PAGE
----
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Settlement to make Stroger Hospital deaf friendly

Friday, December 23, 2005
Chicago Sun-Times
by RUMMANA HUSSAIN Staff Reporter

Stroger Hospital has begun to beef up its services for the deaf and hearing-impaired, making sign language interpreters readily available and placing text telephones throughout the Cook County facility, under a settlement agreement with the U.S. attorney's office.

The hospital moved to build upon existing programs for the hearing-impaired after the federal government began investigating its compliance with the Americans with Disabilities Act. The investigation was sparked by a complaint filed against the hospital nearly three years ago by Chicagoan Haydee Garcia, who is deaf, according to the agreement announced Thursday.

Garcia and her deaf friend made repeated requests for a sign language interpreter as soon as Garcia was taken to Stroger Hospital's emergency room May 29, 2003, but she didn't get the service until six hours later, Assistant U.S. Attorney Joan Laser said.

The hospital has agreed to give Garcia, now a junior at Gallaudet University in Washington, D.C., $7,500 in damages.

New guidelines set

Dr. Nancy Becker, chairwoman of the hospital's language, speech and hearing department, called Garcia's experience "an exception."

"We had a lot of these programs already in place. We're just further strengthening the kinds of things we've been doing and reinforcing them [as part of the agreement]," she said.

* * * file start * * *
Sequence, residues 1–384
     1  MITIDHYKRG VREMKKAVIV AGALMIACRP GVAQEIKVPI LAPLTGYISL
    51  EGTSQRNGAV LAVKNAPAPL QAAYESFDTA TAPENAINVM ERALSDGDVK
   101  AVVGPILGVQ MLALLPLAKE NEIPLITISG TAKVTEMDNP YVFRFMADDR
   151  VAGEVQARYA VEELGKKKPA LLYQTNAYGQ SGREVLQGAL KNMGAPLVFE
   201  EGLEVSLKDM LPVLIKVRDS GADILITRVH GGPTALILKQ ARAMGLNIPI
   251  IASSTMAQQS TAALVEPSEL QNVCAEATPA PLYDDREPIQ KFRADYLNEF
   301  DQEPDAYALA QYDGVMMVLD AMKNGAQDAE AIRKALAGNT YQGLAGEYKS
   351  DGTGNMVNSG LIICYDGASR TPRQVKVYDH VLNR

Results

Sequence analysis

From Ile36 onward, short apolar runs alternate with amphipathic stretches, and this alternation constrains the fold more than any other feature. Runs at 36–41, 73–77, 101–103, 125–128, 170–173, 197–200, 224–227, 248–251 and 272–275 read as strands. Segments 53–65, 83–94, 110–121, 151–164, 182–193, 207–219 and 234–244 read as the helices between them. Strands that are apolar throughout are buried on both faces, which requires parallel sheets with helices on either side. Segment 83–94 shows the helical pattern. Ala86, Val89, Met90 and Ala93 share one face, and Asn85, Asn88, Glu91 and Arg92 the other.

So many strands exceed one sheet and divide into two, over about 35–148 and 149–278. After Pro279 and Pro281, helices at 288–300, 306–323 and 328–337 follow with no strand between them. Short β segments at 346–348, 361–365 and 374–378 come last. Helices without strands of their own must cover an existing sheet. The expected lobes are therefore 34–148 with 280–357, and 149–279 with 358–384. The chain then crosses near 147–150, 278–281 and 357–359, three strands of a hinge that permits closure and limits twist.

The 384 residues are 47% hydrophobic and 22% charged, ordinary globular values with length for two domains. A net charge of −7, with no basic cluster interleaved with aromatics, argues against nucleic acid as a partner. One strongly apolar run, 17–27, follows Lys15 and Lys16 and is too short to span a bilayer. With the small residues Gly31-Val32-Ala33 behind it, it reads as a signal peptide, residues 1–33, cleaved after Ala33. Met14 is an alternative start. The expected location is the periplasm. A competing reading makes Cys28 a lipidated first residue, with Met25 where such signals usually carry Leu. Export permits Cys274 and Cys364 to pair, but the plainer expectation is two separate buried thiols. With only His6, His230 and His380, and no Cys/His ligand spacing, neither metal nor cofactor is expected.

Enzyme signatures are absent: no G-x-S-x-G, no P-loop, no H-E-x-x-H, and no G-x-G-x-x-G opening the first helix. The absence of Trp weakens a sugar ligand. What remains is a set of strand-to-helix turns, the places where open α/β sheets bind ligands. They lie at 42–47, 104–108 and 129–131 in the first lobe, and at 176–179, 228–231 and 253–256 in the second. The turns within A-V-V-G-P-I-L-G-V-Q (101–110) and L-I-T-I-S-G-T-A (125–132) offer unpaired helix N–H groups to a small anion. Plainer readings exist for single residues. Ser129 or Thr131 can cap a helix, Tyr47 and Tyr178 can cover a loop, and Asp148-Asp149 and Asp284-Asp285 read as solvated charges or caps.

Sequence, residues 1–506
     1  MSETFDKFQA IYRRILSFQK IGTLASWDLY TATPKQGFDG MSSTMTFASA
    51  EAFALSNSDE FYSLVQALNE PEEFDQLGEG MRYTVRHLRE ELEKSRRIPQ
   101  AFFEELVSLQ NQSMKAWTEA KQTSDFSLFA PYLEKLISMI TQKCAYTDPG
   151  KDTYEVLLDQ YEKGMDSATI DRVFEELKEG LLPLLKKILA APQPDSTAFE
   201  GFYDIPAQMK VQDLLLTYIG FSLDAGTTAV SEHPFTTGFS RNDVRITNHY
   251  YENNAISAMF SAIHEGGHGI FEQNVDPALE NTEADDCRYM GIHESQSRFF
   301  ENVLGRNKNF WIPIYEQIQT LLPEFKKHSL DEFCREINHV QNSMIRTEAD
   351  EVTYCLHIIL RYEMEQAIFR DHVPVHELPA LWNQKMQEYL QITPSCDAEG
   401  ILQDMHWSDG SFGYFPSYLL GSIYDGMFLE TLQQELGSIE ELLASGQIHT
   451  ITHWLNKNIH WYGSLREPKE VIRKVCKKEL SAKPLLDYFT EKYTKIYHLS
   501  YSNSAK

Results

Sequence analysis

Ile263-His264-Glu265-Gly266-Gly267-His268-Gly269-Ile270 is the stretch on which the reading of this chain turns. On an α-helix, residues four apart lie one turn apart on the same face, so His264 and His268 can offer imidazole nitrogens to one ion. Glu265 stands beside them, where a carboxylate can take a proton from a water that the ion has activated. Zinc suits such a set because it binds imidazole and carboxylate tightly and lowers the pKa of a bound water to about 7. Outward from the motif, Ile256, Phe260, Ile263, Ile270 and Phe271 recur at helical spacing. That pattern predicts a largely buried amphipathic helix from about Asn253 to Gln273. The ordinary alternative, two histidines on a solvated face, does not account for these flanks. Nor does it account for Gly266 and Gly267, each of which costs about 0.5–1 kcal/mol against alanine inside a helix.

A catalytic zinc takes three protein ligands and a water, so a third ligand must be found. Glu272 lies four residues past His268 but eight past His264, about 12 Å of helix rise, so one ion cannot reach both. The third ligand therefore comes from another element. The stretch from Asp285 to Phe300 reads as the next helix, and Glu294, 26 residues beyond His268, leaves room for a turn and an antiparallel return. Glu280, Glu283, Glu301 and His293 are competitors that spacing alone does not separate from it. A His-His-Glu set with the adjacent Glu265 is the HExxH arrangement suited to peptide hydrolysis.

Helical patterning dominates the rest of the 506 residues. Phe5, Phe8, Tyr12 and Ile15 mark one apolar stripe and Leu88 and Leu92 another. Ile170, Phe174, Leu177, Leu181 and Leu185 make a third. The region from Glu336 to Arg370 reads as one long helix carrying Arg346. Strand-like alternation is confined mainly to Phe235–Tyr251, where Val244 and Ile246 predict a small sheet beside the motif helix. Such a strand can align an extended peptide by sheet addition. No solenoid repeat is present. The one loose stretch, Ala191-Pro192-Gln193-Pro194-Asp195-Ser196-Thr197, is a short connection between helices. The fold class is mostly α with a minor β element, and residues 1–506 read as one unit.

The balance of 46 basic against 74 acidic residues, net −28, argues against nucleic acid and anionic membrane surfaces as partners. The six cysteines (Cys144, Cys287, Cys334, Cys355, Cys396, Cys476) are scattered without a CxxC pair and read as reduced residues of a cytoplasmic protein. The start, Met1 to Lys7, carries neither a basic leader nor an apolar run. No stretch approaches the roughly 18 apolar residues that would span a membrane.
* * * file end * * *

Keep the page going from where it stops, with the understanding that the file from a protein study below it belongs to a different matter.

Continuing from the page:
Under the agreement, the hospital must call a sign language interpreter within 10 minutes of a patient's request and within one hour in at least 80 percent of all non-scheduled interpreter requests. Sign language interpreters must be available for all scheduled appointments.

The emergency room, patient rooms and all public telephone locations have been fitted with text telephones, and personnel are being trained on how to assist the deaf and hearing-impaired and answer any questions they may have on the available auxiliary aids, Stroger Hospital Chief Operating Officer Johnny Brown said.

Laser said many hospitals are in noncompliance with the ADA, and he hoped the settlement would send a message to them.

Must have correct TV remotes

Stroger Hospital violated the ADA by, among other things, failing to have informational and directional sign language in some parts of the building, and television remote controls that can activate close-captioning features in patient and waiting rooms, according to the U.S. attorney's office.

The government reached a similar agreement with Norwegian American Hospital in April.

 



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